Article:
Surprisingly, given the globalization of financial markets, the S-O Act ignores that foreign jurisdictions have procedures substantially different than those that exist under U.S. laws. For instance, in Latin America, the concepts of due diligence and discovery either do not exist or their scope is very narrow. Similarly, in some European countries, an auditor could not agree to produce its workpapers without the prior consent of the client and will often be subject to criminal sanctions under domestic regulations. In countries such as Denmark and France, public companies must have joint audits. Under the S-O Act, if one of the auditors fails to register with the Board, it could not, or should not, sign the joint audit report. This could create a major problem for a public company if the unregistered auditor could not be immediately replaced, as is the case in France, where auditors are elected or appointed by the general assembly of shareholders for a period of six years.9 By requiring that the parties' relationship be exclusively governed by U.S. law and resolved in the U.S. courts, the S-O Act undermines the parties' autonomy and home countries' legal guarantees with respect to choice of law, choice of forum and jurisdictional principles.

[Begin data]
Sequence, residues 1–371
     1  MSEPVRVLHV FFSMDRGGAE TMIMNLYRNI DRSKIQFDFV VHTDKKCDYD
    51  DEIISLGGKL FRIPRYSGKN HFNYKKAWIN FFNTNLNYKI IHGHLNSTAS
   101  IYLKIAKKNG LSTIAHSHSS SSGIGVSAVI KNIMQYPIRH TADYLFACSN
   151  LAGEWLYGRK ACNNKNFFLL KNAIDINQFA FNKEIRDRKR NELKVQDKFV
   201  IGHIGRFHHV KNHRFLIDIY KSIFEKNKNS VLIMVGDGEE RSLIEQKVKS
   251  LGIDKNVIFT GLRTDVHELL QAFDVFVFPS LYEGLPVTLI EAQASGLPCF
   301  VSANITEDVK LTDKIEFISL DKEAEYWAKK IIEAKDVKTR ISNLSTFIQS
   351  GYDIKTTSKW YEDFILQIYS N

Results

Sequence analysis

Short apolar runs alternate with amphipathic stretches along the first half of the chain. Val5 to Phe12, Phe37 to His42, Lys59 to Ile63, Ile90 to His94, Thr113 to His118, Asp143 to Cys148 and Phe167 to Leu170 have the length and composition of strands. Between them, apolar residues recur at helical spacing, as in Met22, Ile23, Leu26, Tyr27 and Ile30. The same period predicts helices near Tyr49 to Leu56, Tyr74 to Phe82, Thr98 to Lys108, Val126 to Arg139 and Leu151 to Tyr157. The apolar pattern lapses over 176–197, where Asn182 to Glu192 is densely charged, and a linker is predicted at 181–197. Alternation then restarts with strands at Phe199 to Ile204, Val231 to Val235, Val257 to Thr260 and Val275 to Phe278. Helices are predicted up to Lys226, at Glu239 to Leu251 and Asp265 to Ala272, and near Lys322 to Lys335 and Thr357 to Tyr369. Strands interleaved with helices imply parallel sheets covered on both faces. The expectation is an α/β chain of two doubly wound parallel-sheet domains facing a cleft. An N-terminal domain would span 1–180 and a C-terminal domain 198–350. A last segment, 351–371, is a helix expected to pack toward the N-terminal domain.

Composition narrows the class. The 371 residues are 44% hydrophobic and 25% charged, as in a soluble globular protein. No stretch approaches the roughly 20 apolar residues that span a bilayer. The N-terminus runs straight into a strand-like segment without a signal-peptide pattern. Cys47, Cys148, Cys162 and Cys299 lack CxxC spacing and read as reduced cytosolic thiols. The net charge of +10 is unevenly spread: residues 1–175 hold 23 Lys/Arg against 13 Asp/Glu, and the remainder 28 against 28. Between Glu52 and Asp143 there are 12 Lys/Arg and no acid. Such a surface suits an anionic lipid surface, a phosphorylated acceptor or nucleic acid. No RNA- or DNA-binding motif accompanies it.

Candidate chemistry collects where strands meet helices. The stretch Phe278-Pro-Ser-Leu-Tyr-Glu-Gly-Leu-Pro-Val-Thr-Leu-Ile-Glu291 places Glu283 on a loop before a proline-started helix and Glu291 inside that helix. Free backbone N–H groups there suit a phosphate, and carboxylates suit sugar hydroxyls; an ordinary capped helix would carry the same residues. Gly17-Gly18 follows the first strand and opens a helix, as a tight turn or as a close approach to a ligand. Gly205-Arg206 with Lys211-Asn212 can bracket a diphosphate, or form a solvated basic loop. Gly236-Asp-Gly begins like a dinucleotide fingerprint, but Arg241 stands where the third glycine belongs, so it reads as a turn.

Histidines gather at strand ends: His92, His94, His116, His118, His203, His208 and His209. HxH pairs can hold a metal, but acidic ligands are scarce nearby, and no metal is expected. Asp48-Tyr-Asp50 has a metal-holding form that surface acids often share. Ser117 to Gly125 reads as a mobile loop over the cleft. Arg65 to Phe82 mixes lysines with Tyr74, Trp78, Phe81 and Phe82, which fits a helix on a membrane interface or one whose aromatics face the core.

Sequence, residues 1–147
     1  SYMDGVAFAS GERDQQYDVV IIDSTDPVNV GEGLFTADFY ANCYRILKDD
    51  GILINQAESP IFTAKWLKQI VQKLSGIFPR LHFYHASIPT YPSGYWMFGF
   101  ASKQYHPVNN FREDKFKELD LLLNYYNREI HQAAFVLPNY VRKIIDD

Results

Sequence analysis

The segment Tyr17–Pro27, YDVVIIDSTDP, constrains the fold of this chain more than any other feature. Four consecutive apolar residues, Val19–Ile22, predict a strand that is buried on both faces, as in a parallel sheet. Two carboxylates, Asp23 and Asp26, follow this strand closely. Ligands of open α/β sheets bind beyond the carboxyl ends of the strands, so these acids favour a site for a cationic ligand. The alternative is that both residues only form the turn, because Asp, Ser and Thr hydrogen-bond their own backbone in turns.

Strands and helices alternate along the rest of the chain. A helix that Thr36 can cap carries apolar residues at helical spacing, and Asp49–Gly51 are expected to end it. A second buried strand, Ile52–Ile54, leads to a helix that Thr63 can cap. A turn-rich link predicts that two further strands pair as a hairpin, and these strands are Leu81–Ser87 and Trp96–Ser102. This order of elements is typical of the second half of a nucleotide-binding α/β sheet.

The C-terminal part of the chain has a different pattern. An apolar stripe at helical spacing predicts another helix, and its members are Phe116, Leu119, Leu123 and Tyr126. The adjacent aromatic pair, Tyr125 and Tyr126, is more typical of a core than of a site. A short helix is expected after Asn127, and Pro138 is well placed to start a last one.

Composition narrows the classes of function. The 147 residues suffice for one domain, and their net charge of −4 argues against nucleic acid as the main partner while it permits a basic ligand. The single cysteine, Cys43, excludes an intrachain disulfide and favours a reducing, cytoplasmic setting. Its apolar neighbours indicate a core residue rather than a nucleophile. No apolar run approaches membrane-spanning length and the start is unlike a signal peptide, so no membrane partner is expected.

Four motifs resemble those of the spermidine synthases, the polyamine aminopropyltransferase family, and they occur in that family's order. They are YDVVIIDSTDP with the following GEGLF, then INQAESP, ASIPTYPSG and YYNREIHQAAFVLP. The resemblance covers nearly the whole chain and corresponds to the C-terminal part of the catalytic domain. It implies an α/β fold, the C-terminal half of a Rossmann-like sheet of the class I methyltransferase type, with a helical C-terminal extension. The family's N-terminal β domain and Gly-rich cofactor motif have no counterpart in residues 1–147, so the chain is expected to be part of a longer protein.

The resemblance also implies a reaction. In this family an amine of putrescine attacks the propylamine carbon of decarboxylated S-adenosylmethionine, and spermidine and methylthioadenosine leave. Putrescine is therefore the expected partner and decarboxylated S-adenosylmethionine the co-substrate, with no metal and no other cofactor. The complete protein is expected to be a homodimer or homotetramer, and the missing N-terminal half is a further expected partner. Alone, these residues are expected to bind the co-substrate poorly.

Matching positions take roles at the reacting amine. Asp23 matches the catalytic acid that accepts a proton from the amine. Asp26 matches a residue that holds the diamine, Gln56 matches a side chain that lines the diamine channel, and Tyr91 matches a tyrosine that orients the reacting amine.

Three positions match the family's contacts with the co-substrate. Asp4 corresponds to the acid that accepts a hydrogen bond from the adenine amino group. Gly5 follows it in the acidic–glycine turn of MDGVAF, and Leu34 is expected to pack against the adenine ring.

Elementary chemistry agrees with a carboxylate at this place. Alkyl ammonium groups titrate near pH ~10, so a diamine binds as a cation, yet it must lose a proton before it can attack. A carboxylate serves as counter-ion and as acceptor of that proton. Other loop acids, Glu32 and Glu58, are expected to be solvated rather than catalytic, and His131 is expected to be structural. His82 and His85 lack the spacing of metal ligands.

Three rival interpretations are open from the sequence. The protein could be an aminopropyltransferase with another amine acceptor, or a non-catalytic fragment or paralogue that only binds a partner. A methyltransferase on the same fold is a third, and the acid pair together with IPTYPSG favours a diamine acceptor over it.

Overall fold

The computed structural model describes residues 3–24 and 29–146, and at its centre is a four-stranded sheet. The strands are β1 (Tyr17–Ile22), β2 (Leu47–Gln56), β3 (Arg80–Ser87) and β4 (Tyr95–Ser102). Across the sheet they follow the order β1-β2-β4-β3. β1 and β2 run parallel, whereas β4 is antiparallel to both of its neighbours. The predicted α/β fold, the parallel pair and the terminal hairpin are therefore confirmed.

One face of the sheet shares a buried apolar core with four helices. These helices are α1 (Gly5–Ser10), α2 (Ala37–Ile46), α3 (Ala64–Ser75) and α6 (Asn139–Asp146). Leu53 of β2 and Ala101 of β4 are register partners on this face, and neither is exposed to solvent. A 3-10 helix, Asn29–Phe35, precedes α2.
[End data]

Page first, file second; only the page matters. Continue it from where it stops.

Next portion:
The Board and the SEC have the discretion to provide accommodations for foreign auditors where possible without foregoing investor protection. The Board has made certain accommodations for foreign auditors, such as (1) not requiring them to furnish registration information to the Board if to do so would violate home country laws, (2) extending the registration period by six months so they may have sufficient time to evaluate any conflicts of law and (3) limiting registration only to proprietors, partners and principals of foreign accounting firms that furnish in excess of 10 hours of services on a particular audit.10 These accommodations should permit foreign auditors to follow the spirit of the S-O Act without disrupting home country practices.11